First, a quick poll: how many types of security testing do you know? Let me try…
- Penetration testing (PT)
- Red teaming (RT) – differences of PT and RT are discussed here
- Vulnerability assessment
- Application security testing (AST)
- Security rating services (like BitSight and SecurityScorecard)
- Attack, threat, breach simulation tools (details)
- Others, possibly many others….
Now, at the risk of sounding too philosophical, what does it even mean “to test one’s security”? At this early stage of our effort, all bets are off, but we do want to look into testing of security technologies and processes (such as detection and response processes), with the focus on outcomes, not controls. In essence, we want to look into testing the effectiveness, not the presence, of security controls.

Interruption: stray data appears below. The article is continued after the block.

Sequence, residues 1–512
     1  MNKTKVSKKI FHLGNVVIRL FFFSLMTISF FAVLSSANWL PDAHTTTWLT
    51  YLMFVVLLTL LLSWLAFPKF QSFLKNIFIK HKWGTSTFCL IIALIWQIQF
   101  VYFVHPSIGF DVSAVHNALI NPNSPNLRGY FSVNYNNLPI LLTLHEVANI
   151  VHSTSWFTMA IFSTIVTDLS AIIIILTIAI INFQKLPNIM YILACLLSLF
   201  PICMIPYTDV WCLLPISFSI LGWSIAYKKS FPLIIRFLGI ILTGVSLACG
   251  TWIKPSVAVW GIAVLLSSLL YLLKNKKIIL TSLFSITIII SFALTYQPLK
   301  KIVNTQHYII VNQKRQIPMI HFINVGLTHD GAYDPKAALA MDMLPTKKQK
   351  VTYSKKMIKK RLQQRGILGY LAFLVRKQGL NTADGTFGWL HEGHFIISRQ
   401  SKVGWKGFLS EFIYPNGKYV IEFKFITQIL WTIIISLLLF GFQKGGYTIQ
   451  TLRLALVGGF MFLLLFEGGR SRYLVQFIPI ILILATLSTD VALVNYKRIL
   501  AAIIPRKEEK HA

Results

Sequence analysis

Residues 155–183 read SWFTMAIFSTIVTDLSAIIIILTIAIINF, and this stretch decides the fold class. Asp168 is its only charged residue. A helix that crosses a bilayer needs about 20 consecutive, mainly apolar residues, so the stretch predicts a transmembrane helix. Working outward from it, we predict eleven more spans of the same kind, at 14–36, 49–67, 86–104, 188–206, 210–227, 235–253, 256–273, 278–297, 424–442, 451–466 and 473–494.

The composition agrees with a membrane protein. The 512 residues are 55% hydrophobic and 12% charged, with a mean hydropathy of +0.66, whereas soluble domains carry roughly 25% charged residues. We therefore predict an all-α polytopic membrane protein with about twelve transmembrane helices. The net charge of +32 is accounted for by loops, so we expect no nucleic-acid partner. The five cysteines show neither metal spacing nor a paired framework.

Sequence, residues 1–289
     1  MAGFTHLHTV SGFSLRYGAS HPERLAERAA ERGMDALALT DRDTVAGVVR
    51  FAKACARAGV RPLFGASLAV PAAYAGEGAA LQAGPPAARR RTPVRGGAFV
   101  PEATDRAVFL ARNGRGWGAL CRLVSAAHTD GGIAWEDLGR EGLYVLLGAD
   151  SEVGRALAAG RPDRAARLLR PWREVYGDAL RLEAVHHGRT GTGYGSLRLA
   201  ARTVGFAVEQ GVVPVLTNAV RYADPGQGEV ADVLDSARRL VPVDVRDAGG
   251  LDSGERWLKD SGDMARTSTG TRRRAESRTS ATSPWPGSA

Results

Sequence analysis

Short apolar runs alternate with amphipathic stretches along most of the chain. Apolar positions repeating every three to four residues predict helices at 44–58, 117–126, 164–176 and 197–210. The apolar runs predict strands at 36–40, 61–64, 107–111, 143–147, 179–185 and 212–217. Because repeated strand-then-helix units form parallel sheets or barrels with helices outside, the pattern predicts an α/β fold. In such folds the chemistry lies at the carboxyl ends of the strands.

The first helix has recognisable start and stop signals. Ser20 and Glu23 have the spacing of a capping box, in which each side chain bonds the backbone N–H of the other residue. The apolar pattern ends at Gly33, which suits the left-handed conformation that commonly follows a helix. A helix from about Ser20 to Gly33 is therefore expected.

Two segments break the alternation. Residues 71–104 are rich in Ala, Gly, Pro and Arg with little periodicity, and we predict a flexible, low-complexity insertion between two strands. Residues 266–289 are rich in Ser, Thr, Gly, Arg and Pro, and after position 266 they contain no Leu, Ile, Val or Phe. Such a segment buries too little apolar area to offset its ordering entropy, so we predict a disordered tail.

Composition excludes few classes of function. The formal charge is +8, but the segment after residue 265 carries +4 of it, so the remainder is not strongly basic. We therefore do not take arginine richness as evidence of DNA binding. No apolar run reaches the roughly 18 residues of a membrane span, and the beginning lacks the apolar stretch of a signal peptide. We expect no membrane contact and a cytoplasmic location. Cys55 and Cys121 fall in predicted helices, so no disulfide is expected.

Please share how you think of TESTING SECURITY … and please don’t say that “a good pentest should be enough security testing for everybody.”
Note that we will try to keep the focus of this on actually TESTING, not other forms of evaluating, measuring, assessing or guessing about security … Asking people how secure they think they are isn’t testing. Questionnaires isn’t testing. Reviewing policies isn’t testing. Even reviewing the lists of controls they think they deployed isn’t testing (IMHO).
In fact, overall, paper security isn’t.
Blog posts related to Testing Security project:
This is a Security Bloggers Network syndicated blog post authored by Anton Chuvakin. Read the original post at: Anton Chuvakin